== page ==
Guidance counselors never anticipate this

“I can safely state,” states the Physics Geek, “that going into physics was far and away the biggest girl repelling thing that I’ve ever done.”

I have a background in chemistry myself, but I never had to worry about that sort of thing: my girl-repelling capacity was evidently present at birth, and has been refined over several decades.

The following quote is all over the Web, attributed to “M. Cartmill,” who might be Dr. Matt Cartmill, professor of anthropology at Boston University. The sciences, it would seem, exact a heavy price for one’s devotion:

As an adolescent I aspired to lasting fame, I craved factual certainty, and I thirsted for a meaningful vision of human life, so I became a scientist. This is like becoming an archbishop so you can meet girls.

Surely there must be some career path for guys that doesn’t cut them off from the other half of the species.


  1. Terry »

    6 September 2009 · 9:22 pm

    Gynecologist. Though some of us would say that gets a guy a wee bit too close.

    I’m not the right one to ask, though. Give me a guy who can change the oil, a diaper, and database user permissions and I’m helpless.

  2. GradualDazzle »

    6 September 2009 · 9:22 pm

    Plastic surgeon, ophthalmologist, heck, even a pediatrician (at least he could take care of our own kids for free)…

  3. CGHill »

    6 September 2009 · 9:23 pm

    Give me a guy who can change the oil, a diaper, and database user permissions and I’m helpless.

    Biggest laugh I’ve had all day.

  4. Lynn »

    6 September 2009 · 9:31 pm

    Often guys will blame career choice (or something even more irrelevant) for their lack of success with the opposite sex to avoid having to face the far more painful truth that they are just simply creepy little dweebs.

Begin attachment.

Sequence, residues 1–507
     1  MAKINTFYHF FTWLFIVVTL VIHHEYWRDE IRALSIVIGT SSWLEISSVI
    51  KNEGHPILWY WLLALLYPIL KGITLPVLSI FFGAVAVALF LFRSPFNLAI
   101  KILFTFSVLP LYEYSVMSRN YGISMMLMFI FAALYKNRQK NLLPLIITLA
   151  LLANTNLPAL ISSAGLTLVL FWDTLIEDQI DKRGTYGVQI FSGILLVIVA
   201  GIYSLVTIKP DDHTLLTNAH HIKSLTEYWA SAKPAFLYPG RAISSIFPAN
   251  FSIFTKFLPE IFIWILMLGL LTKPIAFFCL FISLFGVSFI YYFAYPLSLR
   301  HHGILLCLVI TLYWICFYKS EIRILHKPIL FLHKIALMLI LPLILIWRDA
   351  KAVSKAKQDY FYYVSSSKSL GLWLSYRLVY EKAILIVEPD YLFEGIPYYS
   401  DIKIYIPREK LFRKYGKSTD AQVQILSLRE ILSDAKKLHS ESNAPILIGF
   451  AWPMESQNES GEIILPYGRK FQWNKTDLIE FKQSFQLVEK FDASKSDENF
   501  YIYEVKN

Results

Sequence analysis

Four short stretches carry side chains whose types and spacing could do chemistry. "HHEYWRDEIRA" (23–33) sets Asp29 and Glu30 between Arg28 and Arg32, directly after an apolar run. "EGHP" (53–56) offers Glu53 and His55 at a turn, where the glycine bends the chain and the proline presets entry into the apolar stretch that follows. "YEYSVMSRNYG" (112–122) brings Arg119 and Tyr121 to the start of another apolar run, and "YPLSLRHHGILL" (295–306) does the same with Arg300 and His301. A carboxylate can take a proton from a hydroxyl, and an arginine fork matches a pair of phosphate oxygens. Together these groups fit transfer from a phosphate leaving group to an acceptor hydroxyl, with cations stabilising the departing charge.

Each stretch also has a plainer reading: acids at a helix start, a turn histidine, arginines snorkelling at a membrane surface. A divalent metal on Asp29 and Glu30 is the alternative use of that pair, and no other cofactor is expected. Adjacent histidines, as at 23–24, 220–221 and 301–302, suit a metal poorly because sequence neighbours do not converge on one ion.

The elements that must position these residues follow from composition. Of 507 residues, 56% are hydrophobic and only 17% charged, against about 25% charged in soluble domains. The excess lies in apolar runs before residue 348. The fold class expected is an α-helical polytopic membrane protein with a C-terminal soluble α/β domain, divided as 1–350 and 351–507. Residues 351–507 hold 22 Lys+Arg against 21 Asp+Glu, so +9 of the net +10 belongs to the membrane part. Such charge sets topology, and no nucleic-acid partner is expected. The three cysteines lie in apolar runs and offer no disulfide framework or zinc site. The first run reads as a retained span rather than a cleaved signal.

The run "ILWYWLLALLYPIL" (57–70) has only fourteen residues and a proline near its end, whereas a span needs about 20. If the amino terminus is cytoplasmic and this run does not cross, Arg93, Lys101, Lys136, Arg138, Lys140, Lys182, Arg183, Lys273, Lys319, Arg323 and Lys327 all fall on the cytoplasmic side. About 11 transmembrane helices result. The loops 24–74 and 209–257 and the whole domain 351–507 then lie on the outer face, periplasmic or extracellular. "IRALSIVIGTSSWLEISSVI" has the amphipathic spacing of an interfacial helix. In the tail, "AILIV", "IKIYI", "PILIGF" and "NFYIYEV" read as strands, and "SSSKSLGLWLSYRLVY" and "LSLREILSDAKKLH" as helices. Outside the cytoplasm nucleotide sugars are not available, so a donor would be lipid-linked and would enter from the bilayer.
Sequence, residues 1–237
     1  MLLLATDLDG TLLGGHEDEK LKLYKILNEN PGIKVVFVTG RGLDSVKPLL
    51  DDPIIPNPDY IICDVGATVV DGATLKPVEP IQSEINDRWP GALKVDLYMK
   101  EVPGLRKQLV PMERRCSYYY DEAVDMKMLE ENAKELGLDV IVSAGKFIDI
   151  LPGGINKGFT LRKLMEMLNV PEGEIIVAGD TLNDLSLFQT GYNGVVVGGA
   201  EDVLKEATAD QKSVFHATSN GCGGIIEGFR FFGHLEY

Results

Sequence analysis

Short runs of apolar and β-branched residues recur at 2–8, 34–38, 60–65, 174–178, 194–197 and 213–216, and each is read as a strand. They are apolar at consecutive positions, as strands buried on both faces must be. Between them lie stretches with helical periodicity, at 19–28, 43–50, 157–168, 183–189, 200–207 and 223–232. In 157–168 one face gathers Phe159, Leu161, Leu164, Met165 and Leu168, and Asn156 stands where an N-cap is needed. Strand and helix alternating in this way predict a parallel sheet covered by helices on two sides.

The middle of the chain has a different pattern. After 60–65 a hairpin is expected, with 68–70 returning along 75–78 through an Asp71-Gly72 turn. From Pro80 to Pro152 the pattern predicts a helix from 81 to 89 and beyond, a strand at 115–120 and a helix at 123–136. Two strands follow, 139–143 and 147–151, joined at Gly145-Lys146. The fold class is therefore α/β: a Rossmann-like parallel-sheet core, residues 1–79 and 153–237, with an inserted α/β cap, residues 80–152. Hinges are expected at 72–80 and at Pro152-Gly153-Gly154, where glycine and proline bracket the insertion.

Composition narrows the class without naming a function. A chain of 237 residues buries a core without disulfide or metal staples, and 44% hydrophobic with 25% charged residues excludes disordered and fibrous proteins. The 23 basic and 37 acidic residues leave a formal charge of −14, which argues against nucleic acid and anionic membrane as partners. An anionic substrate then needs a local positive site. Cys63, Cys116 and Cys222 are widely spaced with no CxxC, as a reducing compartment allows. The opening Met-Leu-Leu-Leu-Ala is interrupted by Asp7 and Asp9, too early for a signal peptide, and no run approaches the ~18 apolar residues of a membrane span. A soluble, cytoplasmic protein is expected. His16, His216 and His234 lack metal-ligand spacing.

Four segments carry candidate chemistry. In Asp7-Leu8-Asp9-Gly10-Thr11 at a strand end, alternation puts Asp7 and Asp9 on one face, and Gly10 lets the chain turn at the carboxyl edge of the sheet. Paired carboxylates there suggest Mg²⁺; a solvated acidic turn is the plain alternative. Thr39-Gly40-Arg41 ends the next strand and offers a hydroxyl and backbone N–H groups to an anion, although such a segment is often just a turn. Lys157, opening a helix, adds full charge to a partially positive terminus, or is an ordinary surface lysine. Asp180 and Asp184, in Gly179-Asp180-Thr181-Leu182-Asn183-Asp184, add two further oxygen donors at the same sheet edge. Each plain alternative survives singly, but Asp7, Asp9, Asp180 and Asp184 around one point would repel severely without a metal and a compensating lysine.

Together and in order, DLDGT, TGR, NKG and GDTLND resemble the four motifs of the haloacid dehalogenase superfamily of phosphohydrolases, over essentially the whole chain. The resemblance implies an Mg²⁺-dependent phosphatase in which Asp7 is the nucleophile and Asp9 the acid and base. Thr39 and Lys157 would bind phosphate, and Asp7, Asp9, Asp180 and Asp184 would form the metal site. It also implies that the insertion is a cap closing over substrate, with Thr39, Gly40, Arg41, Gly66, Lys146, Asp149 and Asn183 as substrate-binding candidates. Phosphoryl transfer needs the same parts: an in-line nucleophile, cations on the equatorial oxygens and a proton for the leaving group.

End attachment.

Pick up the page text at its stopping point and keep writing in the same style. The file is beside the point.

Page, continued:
On the other hand, there are certain guys who are inexplicably always on the receiving end of the dreaded, “You’re a really great guy but I just don’t feel that way about you.” In these cases, I tend to blame the woman even though I am a woman myself. Women who utter that phrase usually end up with a guy who cheats on them or worse.

  5. sya »

    6 September 2009 · 9:32 pm

    I guess girl scientists don’t count.

  6. CGHill »

    6 September 2009 · 9:50 pm

    Do women in the sciences have similar problems? I suspect there’s a certain amount of stereotyping, but I’ve seldom heard (caution: small sample size) them complain that their work somehow warded off male attention.

    (There’s that whole bit about men resenting women smarter than they are, but that’s not exactly the same thing.)

  7. McGehee »

    6 September 2009 · 9:57 pm

    In popular culture, the woman scientist is always a “hot librarian” type.

    Well, almost always.

  8. sya »

    6 September 2009 · 10:28 pm

    From my own observations, most of them don’t. But for those that do, their complaints are long, loud and whiny. Which annoys me to no end. As for myself, I’ve pretty much resigned myself for a long life of spinsterhood as I’m seen more as weird geeky friend, obnoxious whippersnapper, or invisible person rather than mate material. Things happen in life due to incompatible personalities and less than optimal circumstances. I just find it pointless to whine about it.